When Elizabeth Nye was a teenager she and her friends posed for a picture in a lifeboat.
In hindsight it is a spooky image. Because a decade later Elizabeth was cast adrift for real, one of the last survivors to leave the Titanic as it sank.
She grew up in Folkestone, the daughter of a coach builder who was part of the town's Salvation Army corps.
Its members were in that photo too, seen below. At the turn of the 20th Century it was fashionable for family and friends to be photographed in stylised and theatrical guises, and the group chose a sailing scene.
In 1912, aged 29, Elizabeth was on Titanic because she was returning to America after a visit to her hometown. A solid and reliable worker, she had already been tasked by the Army to help with its expansion into New York. A coal strike meant the ship she was booked on stayed in harbour, so she was forced instead to share a second-class cabin on the world's biggest ocean liner.
Elizabeth was in that lifeboat for five hours, navigating the freezing waters of the Atlantic as others drowned and died all around her.
She must have known there was every chance that she would perish too, of exposure or even starvation. Perhaps as her life flashed before her she thought back to that strange photograph from a very different time and place.
Dave Bryceson, author of Elizabeth Nye: Titanic Survivor, says there was not much in the way of conversation as the lifeboat rowed away slowly from the sinking ship.
''It was extremely full'', he said. ''People had realised the seriousness of the situation by then. A lot of the earlier lifeboats had gone away. One had just 12 people in, although it could have taken 65. So yes the mood was very very sombre because they'd just seen the Titanic go down. And they realised how many people had lost their lives. So there wasn't a great deal of talking at all.''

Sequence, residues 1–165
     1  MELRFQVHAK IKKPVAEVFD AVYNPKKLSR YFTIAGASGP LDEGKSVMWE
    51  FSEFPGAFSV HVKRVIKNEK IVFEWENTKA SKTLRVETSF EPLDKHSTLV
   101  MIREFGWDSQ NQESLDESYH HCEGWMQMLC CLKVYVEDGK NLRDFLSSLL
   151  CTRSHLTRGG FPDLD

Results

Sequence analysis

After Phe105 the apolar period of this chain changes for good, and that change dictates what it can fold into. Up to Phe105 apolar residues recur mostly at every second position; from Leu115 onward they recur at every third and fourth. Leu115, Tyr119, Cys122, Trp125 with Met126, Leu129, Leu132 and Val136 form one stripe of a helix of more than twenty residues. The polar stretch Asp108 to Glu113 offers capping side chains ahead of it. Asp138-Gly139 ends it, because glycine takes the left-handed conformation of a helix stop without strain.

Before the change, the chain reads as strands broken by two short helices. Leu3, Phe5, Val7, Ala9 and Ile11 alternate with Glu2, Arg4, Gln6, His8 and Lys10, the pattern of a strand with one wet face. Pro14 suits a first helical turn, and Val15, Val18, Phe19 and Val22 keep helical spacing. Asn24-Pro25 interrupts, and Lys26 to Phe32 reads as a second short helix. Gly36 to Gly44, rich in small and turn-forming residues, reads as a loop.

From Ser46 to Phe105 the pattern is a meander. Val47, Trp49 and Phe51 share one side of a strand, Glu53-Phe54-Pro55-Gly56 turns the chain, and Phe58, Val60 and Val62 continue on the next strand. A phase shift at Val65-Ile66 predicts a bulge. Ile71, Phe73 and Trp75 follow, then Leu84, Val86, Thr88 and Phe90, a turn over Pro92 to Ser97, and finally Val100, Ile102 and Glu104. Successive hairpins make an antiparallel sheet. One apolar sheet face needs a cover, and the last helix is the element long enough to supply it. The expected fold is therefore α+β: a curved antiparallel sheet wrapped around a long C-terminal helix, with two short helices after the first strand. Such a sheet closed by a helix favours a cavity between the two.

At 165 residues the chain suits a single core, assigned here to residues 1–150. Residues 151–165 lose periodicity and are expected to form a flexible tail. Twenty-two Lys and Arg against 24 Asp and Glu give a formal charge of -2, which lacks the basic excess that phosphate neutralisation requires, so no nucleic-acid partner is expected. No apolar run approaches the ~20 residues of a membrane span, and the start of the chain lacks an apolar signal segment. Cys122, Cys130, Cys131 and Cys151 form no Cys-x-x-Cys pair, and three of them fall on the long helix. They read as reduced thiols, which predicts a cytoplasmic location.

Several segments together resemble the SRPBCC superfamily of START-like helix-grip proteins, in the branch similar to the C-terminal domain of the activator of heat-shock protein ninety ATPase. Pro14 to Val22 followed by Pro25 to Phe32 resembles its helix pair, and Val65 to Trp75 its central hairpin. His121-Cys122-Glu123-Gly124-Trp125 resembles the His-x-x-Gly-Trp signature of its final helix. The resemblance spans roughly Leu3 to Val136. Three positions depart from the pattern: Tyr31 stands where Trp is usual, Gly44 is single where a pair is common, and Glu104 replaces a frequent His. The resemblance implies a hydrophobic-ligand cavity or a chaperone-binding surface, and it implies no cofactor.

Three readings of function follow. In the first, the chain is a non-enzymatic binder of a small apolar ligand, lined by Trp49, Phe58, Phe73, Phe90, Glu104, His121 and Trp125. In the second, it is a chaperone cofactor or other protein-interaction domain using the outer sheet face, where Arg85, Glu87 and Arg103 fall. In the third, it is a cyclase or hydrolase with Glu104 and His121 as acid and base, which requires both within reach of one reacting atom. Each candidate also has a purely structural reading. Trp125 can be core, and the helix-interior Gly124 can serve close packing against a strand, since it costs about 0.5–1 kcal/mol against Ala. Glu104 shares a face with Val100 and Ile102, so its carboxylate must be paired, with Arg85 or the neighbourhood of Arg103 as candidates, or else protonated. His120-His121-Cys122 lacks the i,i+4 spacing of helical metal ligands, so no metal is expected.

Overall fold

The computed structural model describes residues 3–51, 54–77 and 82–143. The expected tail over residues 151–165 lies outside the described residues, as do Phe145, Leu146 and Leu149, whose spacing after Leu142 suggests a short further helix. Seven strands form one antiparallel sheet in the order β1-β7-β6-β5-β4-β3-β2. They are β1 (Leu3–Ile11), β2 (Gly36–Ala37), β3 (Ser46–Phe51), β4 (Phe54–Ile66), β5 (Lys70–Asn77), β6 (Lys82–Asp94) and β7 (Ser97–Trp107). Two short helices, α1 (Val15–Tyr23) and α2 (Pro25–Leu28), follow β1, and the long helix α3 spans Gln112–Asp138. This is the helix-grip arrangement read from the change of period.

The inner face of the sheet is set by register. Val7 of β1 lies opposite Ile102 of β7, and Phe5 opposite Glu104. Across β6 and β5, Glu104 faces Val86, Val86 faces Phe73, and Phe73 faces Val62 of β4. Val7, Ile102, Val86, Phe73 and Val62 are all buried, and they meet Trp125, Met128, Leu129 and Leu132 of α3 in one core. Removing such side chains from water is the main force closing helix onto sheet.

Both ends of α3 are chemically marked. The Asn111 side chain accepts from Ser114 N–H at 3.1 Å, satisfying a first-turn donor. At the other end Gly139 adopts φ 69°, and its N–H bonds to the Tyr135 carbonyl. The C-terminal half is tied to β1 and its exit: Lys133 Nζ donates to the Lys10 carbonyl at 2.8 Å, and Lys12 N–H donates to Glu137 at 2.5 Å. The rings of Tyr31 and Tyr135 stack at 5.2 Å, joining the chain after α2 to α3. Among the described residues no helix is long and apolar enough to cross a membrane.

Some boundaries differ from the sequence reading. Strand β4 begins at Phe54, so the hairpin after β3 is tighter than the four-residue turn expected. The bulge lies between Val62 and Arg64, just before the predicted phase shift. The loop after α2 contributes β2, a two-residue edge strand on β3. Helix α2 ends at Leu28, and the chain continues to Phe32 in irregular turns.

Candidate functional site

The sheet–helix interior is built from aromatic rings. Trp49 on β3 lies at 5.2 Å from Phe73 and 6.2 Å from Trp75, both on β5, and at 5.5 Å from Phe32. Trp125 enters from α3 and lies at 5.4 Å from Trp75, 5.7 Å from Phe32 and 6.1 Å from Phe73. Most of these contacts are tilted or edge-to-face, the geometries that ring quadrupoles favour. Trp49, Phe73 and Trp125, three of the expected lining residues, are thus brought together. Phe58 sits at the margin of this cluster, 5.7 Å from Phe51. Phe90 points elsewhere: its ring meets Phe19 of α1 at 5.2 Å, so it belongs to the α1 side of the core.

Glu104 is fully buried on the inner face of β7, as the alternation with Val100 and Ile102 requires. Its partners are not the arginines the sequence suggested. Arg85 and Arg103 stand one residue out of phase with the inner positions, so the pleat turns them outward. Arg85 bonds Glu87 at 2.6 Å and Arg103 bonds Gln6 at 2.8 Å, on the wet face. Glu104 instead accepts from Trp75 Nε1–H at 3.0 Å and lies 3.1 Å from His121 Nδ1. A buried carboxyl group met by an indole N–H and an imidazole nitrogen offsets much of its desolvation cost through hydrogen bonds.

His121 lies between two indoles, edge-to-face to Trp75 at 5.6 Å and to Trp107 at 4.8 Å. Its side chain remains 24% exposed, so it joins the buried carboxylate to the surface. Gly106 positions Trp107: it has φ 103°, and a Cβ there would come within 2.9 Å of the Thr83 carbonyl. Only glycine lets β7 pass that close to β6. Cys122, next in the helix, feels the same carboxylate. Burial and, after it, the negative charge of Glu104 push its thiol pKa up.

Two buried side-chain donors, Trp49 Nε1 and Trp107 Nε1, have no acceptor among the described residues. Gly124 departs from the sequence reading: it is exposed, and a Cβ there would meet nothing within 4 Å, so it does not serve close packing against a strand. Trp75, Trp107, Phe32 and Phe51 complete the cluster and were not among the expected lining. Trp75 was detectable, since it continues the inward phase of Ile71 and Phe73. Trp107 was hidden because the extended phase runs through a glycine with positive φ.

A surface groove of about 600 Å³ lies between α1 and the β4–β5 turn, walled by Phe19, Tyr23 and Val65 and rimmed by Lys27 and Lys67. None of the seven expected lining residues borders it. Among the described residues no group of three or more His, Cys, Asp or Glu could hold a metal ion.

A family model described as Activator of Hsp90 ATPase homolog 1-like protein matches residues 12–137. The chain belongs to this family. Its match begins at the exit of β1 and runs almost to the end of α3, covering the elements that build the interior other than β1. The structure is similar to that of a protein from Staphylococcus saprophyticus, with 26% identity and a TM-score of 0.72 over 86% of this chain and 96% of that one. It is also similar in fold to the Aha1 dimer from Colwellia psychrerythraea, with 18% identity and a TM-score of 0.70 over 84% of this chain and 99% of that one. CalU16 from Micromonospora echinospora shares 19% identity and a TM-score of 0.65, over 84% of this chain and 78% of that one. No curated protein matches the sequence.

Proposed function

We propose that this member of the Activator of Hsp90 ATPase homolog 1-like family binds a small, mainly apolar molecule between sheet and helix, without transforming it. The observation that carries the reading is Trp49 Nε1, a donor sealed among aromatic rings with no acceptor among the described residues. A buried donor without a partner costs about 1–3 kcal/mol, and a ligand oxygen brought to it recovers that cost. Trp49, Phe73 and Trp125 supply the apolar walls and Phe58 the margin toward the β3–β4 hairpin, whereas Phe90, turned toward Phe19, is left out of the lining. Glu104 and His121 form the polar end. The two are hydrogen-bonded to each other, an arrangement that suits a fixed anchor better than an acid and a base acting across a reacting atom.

The lifeboat was eventually picked up by a rescue ship, Carpathia. On board, Elizabeth wrote to reassure her parents that she was safe, and to explain the circumstances of her rescue. The letter was later published in the Folkestone Herald. She spoke of the heartbreak of seeing dozens of married women who had begun to realise that their husbands had not survived and that they had all become widows in one night.
She was glad to be alive herself of course but had lost everything. Apart from the clothes she was wearing she only managed to rescue one precious gift, the watch her father bought her 11 years before.
Even before Titanic Elizabeth had experienced tragedy - her first husband and daughter had died. But from this point on her fortunes changed. When she arrived in New York she was met by a Salvation Army representative Captain George Darby. She went on to marry him and start another family.
According to Elizabeth's relatives she showed few obvious signs of Titanic trauma in the decades that followed. She did though become very nervous when her son went swimming, perhaps unable to completely escape memories of drowning people on that terrible night.
Elizabeth Nye-Darby died in 1963 after a happy and fulfilled life devoted to God and the Salvation Army.
Neil Abbey, captain of the Army's present-day Folkestone Corp said: ''She was promoted to Colonel. She set her goal to try to help those who were less fortunate than her. The fact that she'd been saved, she thought that was a blessing from God. She must have been a very strong lady in her faith to carry on doing what she did. She's very much an inspiration to a lot of people her a hundred years on.
But Elizabeth's story does not end with her death.
In the 1980s divers finally reached the wreck of Titanic and began to bring objects to the surface. Among them was a porcelain watering can bearing the inscription: ''A Present From Folkestone.''
''I am absolutely certain that it came from Elizabeth's baggage,'' says Dave Bryceson. ''She was the only person on board the Titanic who came from Folkestone and I know she kept a bureau in her home in America in which she would put little souvenirs she collected from Folkestone every time she came across them. So yes I'm sure it belonged to Elizabeth.''